time interval of a previously moving object, which could signify, for example,
a person who had crouched under an ATM service counter if present in the enclosure.
Many other alarm conditions beyond these examples will occur to persons skilled
in the art, which the spatial analysis of the invention can detect.
The invention as so far illustrated may be usefully integrated into
a remote monitoring system for one or several financial transaction devices. While
a variety of specific arrangements may be envisioned, an exemplary such system
with its particular attributes is described in FIG. 14.
One or more ATM machines 10 each served by an active sonar 12 are
located at ATM site 90. The data processing and abstraction capability described
hertofore may be located at the ATM site, or may be provided at some location
remote from the site 90. Alarm conditions are automatically signalled by local
controller 18 to a remote monitoring location 100 through network connections 19
to a telecommunications network 110 which comprises lines of at least voicegrade
Condition signals are received at a workstation denoted 120 at the
monitoring location. The workstation 120 has an alert screen display 160 served
by buffer 122. A communications controller 130 interfaces the workstation to the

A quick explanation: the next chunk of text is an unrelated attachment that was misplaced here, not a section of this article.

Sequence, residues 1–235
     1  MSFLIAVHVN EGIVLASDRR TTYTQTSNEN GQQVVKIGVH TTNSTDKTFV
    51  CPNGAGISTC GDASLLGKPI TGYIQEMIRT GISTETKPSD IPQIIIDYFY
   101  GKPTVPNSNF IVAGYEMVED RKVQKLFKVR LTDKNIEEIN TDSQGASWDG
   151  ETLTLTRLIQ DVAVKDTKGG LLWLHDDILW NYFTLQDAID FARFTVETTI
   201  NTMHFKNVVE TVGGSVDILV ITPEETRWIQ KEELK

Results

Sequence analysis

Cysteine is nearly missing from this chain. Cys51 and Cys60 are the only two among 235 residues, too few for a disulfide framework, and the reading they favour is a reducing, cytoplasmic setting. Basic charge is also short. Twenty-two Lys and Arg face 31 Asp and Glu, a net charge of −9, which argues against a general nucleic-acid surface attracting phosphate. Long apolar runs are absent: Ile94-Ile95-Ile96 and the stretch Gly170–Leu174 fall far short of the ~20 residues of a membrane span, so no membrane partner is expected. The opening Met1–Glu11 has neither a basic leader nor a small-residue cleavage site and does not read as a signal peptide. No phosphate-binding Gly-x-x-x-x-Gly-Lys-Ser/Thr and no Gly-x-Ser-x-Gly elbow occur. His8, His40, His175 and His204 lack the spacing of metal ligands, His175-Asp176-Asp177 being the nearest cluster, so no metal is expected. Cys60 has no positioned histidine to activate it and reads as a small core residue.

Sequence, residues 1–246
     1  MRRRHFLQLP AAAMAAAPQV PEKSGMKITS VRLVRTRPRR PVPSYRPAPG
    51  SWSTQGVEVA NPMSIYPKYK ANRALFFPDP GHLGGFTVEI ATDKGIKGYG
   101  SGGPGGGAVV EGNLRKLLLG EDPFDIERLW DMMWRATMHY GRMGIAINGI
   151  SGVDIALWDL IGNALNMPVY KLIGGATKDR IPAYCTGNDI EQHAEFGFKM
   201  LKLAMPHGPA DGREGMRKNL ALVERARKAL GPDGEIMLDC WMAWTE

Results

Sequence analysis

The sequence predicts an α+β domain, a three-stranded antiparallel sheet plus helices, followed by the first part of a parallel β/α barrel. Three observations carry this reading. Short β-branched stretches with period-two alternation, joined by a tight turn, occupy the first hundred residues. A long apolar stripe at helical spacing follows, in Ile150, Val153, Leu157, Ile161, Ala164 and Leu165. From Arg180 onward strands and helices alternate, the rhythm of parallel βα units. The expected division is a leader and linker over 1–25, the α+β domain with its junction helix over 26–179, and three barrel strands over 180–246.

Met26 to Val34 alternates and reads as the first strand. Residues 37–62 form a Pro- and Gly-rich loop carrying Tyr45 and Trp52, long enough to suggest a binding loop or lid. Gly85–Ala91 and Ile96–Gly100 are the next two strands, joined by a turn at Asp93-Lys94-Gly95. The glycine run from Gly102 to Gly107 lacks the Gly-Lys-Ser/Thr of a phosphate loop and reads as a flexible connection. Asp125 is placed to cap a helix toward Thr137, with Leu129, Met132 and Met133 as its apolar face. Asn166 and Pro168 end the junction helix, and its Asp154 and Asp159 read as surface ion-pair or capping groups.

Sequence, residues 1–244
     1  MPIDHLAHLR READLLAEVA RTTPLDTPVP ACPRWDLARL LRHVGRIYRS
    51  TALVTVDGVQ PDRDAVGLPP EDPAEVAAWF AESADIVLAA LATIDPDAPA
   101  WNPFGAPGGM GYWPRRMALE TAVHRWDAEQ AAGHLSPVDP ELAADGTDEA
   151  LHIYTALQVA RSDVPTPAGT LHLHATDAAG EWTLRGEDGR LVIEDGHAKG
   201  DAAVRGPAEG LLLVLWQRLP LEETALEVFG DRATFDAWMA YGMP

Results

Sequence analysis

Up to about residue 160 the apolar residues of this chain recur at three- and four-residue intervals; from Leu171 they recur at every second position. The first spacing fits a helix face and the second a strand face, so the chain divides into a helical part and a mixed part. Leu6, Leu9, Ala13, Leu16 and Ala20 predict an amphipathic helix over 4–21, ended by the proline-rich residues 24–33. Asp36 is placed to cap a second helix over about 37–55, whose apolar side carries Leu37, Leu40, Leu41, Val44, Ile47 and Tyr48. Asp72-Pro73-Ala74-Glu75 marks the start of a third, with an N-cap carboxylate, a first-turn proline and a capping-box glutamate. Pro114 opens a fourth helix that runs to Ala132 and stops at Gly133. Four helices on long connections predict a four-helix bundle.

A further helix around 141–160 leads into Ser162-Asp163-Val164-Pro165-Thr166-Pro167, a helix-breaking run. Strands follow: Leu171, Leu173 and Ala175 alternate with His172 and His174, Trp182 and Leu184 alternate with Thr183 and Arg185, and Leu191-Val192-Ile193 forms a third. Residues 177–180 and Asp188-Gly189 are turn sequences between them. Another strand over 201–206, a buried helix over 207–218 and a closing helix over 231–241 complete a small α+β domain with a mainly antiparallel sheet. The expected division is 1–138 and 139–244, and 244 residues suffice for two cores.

network 110 through two-way communications lines 111. Controller 130 may include
adjuncts (not shown) such as a modem pool and line concentrator to manage incoming
and outgoing traffic.
Incoming message priority assessment unit 140 establishes priorities
among alarm situations. Its processes are rule-based, addressing factors such as:
what type of event as detected by the analyzed data precipitated the alert message;
what is the priority of the alert; and given the presently-active alerts, what
is the relative urgency of the new alert. These considerations are programmed as
rules into the unit 140.
The rules may work as illustrated in the following example. Suppose
that several alerts are currently in effect and the attendant at remote location
100 is managing one of these alerts, which is a "rapid approach to ATM user." Now,
a new alert is received by the attendant workstation, for which the data abstraction
unit has determined that two objects are approaching some other ATM machine. On
response to this new input, the alert display 160 presents information signifying
"two people at ATM" for this further site. In this case, although the new information
is displayed, the workstation priority-setting program does not direct the attendant
to interrupt the on-going review and handle the new alert.
If, however, the attendant was reviewing a "two person approach" in
progress, and the new alert constituted a "rapid approach" situation, the priority
assessment unit 140 interrupts the present review by, for example, opening a window
on display 122 accompanied by a tone signal. The window showing the new alert
explanation and, if available, a still frame video of the new alert scene.
An on-line database 150 collects information from the output of unit
140, and also has access to site data and history information from site history
store 170. The history file includes prior alert instances, and location map information.
In response to a specific site alert, the display buffer 122 provides a visual